Joe Root
England captain Joe Root will be aiming for a consolation win in the third Test (AFP Photo)

England batting coach Mark Ramprakash has added his voice to the concerns over conditions in country cricket that are negatively affecting their quest for quality top-order batsmen in red-ball cricket.

Recently, former captain Nasser Hussain had raised questions over the quality of pitches after England’s batting debacles in West Indies saw them lose the opening two Tests by huge margins and thus surrender the ongoing Wisden Trophy.

Ramprakash, who played 52 Tests for England between 1991 and 2002, said the emphasis on white-ball cricket and green pitches are the two major reasons behind the batting struggles.

“I’m trying to be diplomatic here but the stats would say fewer batsmen are getting 1,000 runs, let alone 1,500, in county cricket,” Ramprakash told Sky Sports. “Is that a lack of skill? Maybe – but I’d suggest it is more to do with ‘a quick game’s a good game’. We are playing four-day games in April when conditions are tough, pitches have a lot of grass on them.”

He continued, “I went to Lord’s last year on July 25 for Middlesex versus Warwickshire and the pitch was indistinguishable from the outfield and Middlesex were 70-7 at lunch. That was after five weeks of 30-degree heat. It’s just inexplicable – I don’t know how groundsmen can possibly justify the pitches we are playing on at the moment.

“We are looking for batsmen with good technique and concentration to bat time – to get through the new ball and build an innings. Are we creating the right conditions for that, with four four-day games in April, four in September and not much in between?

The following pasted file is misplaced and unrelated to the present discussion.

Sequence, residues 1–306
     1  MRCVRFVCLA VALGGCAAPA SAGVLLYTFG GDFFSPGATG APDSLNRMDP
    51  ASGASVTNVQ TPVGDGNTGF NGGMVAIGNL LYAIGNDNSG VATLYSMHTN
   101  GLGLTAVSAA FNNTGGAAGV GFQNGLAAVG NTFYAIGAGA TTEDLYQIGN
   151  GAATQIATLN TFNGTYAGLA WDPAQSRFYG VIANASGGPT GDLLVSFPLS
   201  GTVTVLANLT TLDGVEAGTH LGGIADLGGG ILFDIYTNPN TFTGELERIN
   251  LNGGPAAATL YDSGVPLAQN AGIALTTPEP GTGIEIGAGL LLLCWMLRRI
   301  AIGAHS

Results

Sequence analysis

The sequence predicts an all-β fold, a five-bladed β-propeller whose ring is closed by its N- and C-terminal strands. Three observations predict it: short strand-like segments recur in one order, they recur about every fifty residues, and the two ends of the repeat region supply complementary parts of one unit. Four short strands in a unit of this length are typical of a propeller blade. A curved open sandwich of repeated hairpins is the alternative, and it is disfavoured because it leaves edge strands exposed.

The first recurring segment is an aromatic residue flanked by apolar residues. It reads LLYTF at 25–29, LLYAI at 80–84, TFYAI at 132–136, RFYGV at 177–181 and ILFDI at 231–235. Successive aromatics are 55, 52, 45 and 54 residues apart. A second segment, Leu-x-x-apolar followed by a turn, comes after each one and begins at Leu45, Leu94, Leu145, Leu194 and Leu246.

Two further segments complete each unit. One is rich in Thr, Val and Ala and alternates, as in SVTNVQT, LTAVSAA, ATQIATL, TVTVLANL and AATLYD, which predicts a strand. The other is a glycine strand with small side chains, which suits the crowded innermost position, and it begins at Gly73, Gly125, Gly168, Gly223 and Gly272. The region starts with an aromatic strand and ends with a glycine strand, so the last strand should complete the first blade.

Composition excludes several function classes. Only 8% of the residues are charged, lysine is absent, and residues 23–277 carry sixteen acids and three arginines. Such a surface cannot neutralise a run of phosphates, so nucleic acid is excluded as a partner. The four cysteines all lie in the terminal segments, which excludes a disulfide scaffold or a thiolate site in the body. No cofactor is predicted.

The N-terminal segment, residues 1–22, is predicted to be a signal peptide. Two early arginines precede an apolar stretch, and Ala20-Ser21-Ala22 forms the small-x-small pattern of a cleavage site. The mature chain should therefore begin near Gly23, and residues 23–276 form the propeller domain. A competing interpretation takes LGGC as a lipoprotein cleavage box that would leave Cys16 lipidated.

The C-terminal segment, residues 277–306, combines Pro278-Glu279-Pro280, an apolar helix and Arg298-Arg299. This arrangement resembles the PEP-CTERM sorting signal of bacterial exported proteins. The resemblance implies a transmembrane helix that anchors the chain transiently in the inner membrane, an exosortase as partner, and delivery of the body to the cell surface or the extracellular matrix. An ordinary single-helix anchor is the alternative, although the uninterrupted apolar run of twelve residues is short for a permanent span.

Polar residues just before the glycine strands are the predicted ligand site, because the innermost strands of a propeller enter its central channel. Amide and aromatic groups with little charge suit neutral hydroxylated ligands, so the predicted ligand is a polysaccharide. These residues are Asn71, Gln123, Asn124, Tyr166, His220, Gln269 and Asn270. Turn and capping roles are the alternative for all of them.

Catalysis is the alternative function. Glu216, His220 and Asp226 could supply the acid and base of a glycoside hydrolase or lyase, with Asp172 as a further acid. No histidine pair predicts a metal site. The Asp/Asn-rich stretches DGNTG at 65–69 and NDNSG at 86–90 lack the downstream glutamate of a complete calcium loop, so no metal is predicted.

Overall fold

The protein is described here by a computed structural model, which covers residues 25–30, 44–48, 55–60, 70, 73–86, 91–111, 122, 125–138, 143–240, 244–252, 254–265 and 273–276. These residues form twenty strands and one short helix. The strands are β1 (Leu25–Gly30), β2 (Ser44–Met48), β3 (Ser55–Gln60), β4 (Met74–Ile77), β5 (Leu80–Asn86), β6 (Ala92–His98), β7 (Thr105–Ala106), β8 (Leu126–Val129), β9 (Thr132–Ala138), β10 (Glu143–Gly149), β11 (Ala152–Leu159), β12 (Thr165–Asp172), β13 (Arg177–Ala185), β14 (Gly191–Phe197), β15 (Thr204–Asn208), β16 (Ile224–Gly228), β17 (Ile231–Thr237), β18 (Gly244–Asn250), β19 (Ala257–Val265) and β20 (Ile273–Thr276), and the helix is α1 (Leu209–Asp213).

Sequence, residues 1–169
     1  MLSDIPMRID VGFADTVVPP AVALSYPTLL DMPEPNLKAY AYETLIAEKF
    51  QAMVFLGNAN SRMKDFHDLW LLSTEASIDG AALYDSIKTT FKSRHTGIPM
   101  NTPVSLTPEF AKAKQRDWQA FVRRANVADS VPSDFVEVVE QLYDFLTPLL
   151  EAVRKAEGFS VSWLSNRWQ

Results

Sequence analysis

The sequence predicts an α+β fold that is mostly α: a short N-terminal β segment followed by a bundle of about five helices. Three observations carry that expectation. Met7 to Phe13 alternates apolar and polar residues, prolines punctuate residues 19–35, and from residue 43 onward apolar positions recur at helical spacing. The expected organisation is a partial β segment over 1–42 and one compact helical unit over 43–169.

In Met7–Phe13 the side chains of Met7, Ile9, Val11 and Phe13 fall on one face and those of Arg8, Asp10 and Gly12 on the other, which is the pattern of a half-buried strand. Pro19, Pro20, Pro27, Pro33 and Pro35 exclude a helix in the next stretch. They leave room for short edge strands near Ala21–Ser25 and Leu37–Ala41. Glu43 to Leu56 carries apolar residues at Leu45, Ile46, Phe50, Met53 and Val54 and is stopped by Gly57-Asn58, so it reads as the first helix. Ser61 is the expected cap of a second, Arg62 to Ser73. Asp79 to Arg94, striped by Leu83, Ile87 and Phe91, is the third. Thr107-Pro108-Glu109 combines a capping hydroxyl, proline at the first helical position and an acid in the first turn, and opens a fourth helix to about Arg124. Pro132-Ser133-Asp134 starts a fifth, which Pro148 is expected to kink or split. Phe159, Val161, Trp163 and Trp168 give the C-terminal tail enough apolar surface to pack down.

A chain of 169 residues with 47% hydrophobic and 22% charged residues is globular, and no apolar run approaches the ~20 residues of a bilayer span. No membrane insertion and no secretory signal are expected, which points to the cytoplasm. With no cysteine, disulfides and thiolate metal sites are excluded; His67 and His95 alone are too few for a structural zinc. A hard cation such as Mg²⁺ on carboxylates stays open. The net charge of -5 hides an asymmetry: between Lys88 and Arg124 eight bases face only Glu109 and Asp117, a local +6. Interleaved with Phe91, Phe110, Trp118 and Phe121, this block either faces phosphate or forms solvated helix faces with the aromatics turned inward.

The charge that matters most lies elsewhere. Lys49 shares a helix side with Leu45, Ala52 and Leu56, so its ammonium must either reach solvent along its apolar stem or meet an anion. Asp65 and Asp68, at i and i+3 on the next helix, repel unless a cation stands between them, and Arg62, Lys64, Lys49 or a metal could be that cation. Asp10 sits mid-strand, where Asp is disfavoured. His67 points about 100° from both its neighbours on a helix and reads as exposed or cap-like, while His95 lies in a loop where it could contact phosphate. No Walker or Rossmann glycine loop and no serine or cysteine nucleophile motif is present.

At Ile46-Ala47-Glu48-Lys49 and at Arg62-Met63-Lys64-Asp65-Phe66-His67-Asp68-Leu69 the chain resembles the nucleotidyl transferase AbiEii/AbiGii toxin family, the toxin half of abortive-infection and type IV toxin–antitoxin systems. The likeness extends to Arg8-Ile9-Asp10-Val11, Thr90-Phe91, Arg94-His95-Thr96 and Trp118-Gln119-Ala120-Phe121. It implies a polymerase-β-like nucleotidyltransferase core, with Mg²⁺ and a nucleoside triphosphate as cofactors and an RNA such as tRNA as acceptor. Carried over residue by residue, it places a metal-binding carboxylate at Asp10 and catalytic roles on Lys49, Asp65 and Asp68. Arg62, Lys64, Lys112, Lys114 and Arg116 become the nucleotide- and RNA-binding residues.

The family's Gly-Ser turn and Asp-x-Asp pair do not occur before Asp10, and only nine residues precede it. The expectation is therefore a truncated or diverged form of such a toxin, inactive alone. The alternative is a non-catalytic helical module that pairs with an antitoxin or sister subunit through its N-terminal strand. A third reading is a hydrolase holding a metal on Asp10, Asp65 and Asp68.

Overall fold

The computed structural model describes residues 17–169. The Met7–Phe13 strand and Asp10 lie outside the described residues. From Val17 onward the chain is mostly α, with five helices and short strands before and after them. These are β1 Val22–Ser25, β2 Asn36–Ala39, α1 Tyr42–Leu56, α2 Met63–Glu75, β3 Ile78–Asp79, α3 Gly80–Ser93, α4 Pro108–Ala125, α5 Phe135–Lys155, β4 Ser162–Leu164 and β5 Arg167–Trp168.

England scored 77, 246, 187 and 262 across the four innings of the first two Tests against West Indies. They lost the first Test by 381 runs and the second by 10 wickets.

Ramprakash, 49, also differs with the approach of England batsmen to counterattack their way out of tough situations. It’s a strategy which has worked for the tourists in the past but has fallen flat in West Indies though.

“There is a huge emphasis on white-ball cricket, the excitement, smacking it into the stands. It’s great to watch but is it to the detriment of the art of batting? I would suggest yes,” he said.

He further added, “You look recently at Kumar Sangakkara, Hashim Amla, Jacques Kallis, Rahul Dravid, people with a very good defence and concentration who are prepared to play the long game.

“… you have to accept that there will be periods where good bowlers get it right and it is very difficult to counter attack – you might have to absorb pressure and back your defence. Mentality is important in recognising those periods of play and getting through them.

England were also criticised for not playing a proper warm-up match ahead of the series as they opted for two two-day practice games instead.

“I am always a little bit wary of the modern-day tours and the opportunity players have to have match practice. I guess when you go into the first Test, get knocked over and the batters don’t get much time at the crease, suddenly you can look at that and think: ‘Am I a bit short of practise?’ You don’t really want players thinking in that way so that is one element I think we should reflect on,” he said.

“You don’t really want players thinking in that way so that is one element I think we should reflect on. You can try and bring nets and practice alive as much as you can but, and I know it sounds very old-fashioned, time in the middle is so handy.